“The one exception to that is the presidential election,” Becker said, in which there’s an opportunity for a “corrupt individual” to send a slate of electors to Washington that does not reflect the will of voters. If the national Electoral College results were close, a protracted dispute in Arizona could hamper Congress from rapidly determining the overall winner.
We haven’t faced that sort of threat since the Reconstruction period but it’s sadly plausible in the current environment.
But Becker said he was more worried about the prospect for political violence fueled by uncertainty than he was about the integrity of the legal system.
After the Capitol riots, that’s not just conjecture. It seems almost inevitable that, if Republicans lose in 2024, there will be violence. And, frankly, I’m not sure that, if Republicans win the election but Democrats either win the popular vote or can even plausibly charge that voter suppression was the reason Republicans carried decisive states, there won’t be violence.
Neither Lake nor Finchem responded to questions. Finchem has said he would certify the next election “as long as all lawful votes are counted and all votes cast are under the law,” while failing to specify what he means by “lawful.” Finchem has also said that he couldn’t imagine President Biden winning.
Presuming he runs (which I do in fact presume) and remains reasonably healthy through Election Day (which seems likely) he’s the odds-on favorite. Re-electing the President has been the default position in American politics for a very long time now.
Secretaries of state also have enormous power over elections, though it’s county officials that actually run them.
To take just one recent example: Finchem and Lake both support a return to hand-counting ballots, which election experts say would introduce more errors and uncertainty into the process.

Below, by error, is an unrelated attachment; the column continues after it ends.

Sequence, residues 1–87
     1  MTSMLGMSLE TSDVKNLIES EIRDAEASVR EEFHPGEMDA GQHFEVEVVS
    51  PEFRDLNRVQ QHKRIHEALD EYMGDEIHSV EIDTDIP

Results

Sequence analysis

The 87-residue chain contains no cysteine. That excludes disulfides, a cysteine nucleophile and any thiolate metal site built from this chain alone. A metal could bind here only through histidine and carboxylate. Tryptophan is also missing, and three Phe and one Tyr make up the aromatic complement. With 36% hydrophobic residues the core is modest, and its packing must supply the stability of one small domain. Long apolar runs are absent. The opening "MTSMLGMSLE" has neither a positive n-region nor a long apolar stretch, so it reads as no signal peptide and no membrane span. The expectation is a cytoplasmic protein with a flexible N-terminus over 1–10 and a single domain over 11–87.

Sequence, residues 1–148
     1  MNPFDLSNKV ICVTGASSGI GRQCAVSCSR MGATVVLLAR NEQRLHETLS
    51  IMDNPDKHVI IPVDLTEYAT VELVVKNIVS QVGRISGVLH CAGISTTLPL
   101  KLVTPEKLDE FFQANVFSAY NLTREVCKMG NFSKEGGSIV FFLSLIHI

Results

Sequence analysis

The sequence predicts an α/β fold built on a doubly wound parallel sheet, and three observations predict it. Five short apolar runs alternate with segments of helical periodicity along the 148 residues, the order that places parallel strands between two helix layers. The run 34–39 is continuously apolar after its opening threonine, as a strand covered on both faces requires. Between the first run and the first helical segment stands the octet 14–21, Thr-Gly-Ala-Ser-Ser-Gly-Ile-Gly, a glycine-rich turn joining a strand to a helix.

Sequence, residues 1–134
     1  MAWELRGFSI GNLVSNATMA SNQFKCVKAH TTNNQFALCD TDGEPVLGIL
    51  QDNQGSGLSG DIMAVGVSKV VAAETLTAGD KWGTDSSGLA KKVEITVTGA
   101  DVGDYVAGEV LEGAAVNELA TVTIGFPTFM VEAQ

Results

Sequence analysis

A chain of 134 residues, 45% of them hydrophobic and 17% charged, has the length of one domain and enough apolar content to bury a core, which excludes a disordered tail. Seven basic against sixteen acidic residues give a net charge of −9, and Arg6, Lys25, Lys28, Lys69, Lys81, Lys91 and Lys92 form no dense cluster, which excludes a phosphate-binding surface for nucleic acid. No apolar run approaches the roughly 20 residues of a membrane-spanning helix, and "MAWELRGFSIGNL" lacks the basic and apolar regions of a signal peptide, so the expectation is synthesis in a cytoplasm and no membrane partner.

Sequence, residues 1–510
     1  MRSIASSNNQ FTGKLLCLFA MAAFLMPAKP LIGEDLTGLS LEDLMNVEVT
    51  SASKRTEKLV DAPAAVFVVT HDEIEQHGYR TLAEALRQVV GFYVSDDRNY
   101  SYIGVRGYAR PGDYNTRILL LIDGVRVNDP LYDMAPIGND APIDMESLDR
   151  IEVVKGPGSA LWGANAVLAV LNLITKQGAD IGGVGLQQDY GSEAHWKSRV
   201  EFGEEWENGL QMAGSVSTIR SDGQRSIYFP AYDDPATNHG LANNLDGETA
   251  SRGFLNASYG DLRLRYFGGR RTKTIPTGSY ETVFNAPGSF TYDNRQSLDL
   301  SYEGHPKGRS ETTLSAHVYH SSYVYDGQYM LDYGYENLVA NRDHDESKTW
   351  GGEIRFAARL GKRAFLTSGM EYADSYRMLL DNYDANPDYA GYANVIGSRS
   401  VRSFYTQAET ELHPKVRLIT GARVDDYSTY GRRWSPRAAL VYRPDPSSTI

One rural Arizona county controlled by Republicans, Cochise County, initially planned to count every vote in the midterms by hand — only to back down when Katie Hobbs, the Democratic secretary of state who is running for governor against Lake, threatened to sue.
In neighboring Nevada, another G.O.P.-controlled county’s plan to count ballots by hand is on hold after the State Supreme Court ruled the process illegal. The Republican secretary of state, Barbara Cegavske, then ordered the hand-counting process to “cease immediately.” Her possible successor, the Trump-backed Jim Marchant, might have acted differently.
This has become the Republican position but was the Democratic position in the aftermath of the 2000 debacle in Florida. It’s perfectly understandable that hand counting strikes people as more transparent—and that there is more trust in the existence of physical ballots, period—but Hounshell is right: it’s a step backward in reality.
One of the Arizona secretary of state’s chief tasks is assembling the elections procedures manual that, once approved by the governor and the attorney general, is distributed to county and local officials. Brnovich refused to accept the 2021 manual proposed by Hobbs, so the state has been using the 2019 edition.
The manual is limited to the confines of Arizona election law. But Finchem could tinker with the rules regarding the approval of voter registration, or ballot drop boxes, in ways that subtly favor Republicans, said Jim Barton, an election lawyer in Arizona. He could also adjust the certification procedure for presidential elections.
“You can imagine a lot of mischief with all the nitty-gritty stuff that nobody pays attention to,” said Richard Hasen, an elections expert at the University of California, Los Angeles.
There’s a lot of conjecture here but imagining a worst-case scenario is the point of the exercise.
Hounshell closes with the aforementioned legal theory:
The justices are expected to rule on a previously obscure legal theory called the independent state legislature doctrine. Conservatives argue that the Constitution granted state legislatures, rather than secretaries of state or courts, the full authority to determine how federal elections are carried out; liberals and many legal scholars say that’s nonsense.
If the court adopts the most aggressive version of the legal theory, Persily noted, it could raise questions about the constitutionality of the Electoral Count Act, adding a new wrinkle of uncertainty.
“My hair is on fire” to an even greater degree than it was in 2020, said Hasen, who published a prescient book that year called “Election Meltdown.”
Hasen has cried “Wolf!” many times at this point. But those familiar with the story know that having done so doesn’t preclude there being a wolf this time.